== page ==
Marketing online is not new. Most businesses are marketing online in
some way – email, social, blogs, web sites or in some other way.
Local advertising, however, is only recently getting attention. Yelp has a growing following of local businesses, Google Local Search is the king of this space and other companies are providing local listings, including Yahoo and the Yellow Pages.
The problem for some businesses is that when they submit their
listings they use one name for listing A, another name (similar but
different) than listing B and so on and so forth.
Localeze offers 10 tips to
ensure that when you market your business in local search engines
you’re listing is not penalized or taken down due to incorrect listings.
Provide a consistent Name, Address, or Phone number (NAP)
If a business is self-submitting to local search platforms and social
networks, it is important not to use variations in core listings
information – NAP – as this can create multiple versions of a local
business’ online identity and make it difficult for local search
platforms to verify the identity of a business.
Update listings on all major Local Search platforms
By submitting business listings only to sites like Google Maps, a local
business establishes their “true core identity” in only one place and
may miss the opportunity to be found on other major search engines,
Internet Yellow Pages, social networks and vertical directories.
Do not confuse business listings with paid search advertising
Paid search campaigns do not take the place of local search listings.
Even if a business has a banner ad or paid search campaign, they need
to incorporate a business listings identity management strategy into
their marketing campaign.
Don’t just submit local search business listings; actively manage over time
Businesses need to proactively manage their listings and make updates
when a location moves, closes or opens. It is crucial to check in to
re-verify periodically even if nothing has changed, so that local
search platforms have a higher level of confidence that listings are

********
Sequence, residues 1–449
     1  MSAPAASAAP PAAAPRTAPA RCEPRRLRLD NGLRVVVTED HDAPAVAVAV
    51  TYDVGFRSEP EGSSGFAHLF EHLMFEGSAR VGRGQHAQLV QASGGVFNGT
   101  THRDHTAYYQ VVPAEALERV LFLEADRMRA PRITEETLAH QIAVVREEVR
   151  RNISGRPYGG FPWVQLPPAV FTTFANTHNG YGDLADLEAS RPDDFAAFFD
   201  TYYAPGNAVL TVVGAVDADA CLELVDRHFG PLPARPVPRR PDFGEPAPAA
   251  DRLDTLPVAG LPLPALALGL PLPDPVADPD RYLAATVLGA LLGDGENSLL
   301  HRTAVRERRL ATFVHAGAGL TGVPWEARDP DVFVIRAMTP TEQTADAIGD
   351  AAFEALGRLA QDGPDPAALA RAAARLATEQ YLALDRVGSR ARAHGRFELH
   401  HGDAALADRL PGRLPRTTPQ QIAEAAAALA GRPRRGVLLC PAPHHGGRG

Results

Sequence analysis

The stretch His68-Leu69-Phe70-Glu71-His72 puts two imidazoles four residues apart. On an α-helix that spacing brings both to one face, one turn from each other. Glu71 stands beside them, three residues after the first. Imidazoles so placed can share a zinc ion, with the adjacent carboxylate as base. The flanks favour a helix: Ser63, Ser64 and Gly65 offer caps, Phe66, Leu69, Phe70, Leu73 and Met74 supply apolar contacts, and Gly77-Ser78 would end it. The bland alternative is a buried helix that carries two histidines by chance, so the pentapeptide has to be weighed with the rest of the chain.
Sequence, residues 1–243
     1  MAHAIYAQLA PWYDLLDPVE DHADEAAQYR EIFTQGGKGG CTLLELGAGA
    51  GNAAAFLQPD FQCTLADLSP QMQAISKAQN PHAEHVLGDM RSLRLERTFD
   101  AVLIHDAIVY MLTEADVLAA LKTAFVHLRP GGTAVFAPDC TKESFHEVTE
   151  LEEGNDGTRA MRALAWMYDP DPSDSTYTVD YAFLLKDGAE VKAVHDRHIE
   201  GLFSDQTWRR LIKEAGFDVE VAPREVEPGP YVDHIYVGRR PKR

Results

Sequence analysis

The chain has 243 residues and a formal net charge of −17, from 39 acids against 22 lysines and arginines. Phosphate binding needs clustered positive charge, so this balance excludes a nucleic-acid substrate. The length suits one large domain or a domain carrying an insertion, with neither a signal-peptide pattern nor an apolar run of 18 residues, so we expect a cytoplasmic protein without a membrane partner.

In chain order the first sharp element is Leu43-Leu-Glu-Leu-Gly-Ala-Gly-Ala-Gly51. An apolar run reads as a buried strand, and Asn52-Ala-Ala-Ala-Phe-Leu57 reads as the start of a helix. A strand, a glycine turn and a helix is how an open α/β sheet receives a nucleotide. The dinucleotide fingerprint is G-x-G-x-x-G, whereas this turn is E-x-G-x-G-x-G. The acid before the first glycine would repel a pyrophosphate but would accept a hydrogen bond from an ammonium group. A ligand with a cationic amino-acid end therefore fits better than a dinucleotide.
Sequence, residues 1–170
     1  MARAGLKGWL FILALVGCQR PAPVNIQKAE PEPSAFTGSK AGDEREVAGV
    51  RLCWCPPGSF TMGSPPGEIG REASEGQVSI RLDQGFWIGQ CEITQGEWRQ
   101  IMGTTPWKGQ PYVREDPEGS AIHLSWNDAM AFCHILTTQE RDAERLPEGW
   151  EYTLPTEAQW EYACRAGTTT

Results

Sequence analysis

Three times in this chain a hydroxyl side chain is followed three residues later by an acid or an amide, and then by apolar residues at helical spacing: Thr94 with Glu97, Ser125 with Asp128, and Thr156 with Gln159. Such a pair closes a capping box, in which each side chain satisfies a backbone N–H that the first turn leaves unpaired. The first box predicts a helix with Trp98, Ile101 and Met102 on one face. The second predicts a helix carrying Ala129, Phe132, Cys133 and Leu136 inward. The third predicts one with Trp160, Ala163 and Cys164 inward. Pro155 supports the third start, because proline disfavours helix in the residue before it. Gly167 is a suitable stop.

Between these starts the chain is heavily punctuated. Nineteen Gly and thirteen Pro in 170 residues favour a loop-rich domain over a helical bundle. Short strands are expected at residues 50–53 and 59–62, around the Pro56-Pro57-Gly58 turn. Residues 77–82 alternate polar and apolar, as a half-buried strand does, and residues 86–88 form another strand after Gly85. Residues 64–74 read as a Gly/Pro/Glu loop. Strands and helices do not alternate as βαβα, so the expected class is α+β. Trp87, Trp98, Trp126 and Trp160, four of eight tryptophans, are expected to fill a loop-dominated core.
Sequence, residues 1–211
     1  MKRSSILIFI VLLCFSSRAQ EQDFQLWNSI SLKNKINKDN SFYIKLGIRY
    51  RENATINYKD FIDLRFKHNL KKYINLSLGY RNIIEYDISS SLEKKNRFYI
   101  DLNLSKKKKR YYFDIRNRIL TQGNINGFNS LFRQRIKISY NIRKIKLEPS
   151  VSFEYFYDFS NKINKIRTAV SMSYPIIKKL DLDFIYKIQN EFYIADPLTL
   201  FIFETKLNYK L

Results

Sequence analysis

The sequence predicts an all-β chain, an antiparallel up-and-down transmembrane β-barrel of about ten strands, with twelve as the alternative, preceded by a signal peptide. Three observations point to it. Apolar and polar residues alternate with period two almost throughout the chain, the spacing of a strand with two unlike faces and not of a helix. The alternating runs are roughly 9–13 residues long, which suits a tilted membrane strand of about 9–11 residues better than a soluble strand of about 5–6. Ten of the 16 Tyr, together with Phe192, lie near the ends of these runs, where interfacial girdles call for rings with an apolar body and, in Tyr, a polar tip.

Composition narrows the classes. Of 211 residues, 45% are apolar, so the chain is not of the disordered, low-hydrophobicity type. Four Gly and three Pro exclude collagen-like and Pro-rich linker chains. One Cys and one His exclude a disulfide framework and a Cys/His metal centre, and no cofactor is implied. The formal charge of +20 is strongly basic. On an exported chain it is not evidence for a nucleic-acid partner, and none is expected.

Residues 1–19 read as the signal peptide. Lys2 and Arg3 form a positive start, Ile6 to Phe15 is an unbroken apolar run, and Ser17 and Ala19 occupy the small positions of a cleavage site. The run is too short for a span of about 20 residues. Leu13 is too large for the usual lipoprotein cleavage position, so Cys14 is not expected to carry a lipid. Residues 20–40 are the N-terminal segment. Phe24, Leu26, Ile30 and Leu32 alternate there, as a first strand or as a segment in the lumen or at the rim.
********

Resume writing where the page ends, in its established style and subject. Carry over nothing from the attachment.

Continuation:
Avoid using a P.O. Box number
A physical address to a true business location should be included in
local business listings when possible, because some search engines do
not recognize P.O. Box numbers. Those businesses with only a P.O. Box
number should provide the physical address that was used to set-up the
Don’t ignore long-tail directories
Businesses shouldn’t forget about the dozens of long-tail directories
that provide added exposure to consumers and serve as a
reference-source for major local search platforms to verify and link
business listings information.
Don’t change the company’s business listing name for SEO
Local businesses shouldn’t add marketing language, descriptive keywords
or branding into their company name for their business listings. This
creates confusion of a business’ core NAP identity. Most local search
platforms provide areas to add descriptive keywords and text to
accommodate extended information.
Don’t replace your primary phone number or URL with tracking numbers or URLs
If done so, tracking phone numbers and URLs cause a listing to appear
inconsistent and can confuse local search platforms during the
verification process. Call tracking phone numbers and URLs should be
utilized in paid advertisements, but businesses need to be wary of
improper use that can confuse a business listing’s identity.
Think long-term versus short-term
Managing business listings requires a long-term strategy for
maintaining information across many local search platforms. Businesses
need to take a strategic approach of managing their listings and
remember that submitting content once—and only in one or two
Establish an internal business listings identify management guru
Business-managed listings are very important to local search platforms,
provided the manager of the information is authorized, valid and
up-to-speed on best practices. Typically, marketing and/or Internet
marketing specialists are ideal to handle the ongoing maintenance of
listings. Make sure to designate a guru within the organization no
matter the size.